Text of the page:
According to Webster's Third New International Dictionary, a family is "the basic unit in society having as its nucleus two or more adults living together and cooperating in the care and rearing of their own or adopted children. " Despite this definition, which appears to be all inclusive, lesbian and/or gay couples, with or without children, do not fit the image most people conjure when thinking of a family. Despite the evident disparity between this definition and the socially accepted norm, gay and lesbian couples still consider themselves families. For the past 30 years especially, same sex couples have sought societal recognition of their "families." .
One of the largest misconceptions concerning same-sex marriages is that it is a relatively new idea, or a least one that has not been contested until the modern age. The truth of the matter is that this issue has emerged in many cultures and many eras, with many identical arguments. In most cases, the outcome of the argument has been the same as it is today, with no legal institution of marriage for same-sex couples. This has not always been the case, however. In seventeenth-century China and nineteenth-century Africa, for example, the institution appears to be almost identical to opposite-sex marriages. There is also evidence of same sex marriages in Native American cultures, but any similarity to modern practices is far from evident. .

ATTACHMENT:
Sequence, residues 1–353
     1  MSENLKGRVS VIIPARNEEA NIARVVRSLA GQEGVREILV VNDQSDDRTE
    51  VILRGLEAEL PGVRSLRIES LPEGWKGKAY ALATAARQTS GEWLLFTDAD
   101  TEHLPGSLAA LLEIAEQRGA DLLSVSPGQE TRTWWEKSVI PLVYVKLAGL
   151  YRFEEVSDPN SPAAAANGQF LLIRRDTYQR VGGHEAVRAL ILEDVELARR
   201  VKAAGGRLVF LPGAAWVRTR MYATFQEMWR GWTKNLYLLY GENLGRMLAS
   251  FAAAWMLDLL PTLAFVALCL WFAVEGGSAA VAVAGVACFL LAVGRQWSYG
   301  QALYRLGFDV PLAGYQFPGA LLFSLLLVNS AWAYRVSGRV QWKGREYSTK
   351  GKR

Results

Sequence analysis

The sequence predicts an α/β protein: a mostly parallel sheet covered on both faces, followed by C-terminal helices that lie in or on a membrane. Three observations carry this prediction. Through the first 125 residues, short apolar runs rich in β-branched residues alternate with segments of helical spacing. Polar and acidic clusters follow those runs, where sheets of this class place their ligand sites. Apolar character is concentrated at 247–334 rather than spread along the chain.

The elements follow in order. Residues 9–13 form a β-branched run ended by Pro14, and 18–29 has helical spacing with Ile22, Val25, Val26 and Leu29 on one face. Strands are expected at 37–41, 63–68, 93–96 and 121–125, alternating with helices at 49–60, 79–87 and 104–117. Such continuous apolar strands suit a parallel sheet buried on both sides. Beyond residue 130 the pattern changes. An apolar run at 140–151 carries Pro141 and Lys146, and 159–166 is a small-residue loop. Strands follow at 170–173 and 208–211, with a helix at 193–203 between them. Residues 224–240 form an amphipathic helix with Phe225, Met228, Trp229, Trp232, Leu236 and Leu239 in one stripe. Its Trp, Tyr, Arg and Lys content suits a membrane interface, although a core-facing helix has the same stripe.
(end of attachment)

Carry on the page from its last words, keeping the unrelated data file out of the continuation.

One of the earliest explanations of homosexuality and homosexual union can be found in a section of Plato's Symposium. In this section Plato write for his friend Aristophanes, following Aristophanes myth about the origin of human beings. Aristophanes conjectures that in the beginning there were three sexes, one which was essentially two male forms intertwined, on of two female and one androgynous form which contained a male and a female. These forms were eventually split in half by Zeus, but the lifelong search for ones missing half explains both homosexual and heterosexual love.